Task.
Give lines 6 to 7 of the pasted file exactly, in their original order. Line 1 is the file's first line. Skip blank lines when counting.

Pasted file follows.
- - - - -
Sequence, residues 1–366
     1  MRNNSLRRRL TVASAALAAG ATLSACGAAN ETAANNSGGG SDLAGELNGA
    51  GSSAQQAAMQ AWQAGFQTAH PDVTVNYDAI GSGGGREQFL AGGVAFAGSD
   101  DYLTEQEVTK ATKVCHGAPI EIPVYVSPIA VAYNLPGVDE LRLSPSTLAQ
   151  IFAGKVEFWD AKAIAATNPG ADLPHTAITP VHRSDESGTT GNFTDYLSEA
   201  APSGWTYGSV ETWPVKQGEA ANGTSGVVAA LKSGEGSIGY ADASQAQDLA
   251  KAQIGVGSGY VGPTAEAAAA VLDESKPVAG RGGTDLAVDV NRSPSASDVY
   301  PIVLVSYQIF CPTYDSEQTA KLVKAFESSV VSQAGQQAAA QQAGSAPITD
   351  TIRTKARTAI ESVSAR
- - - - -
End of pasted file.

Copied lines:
   201  APSGWTYGSV ETWPVKQGEA ANGTSGVVAA LKSGEGSIGY ADASQAQDLA
   251  KAQIGVGSGY VGPTAEAAAA VLDESKPVAG RGGTDLAVDV NRSPSASDVY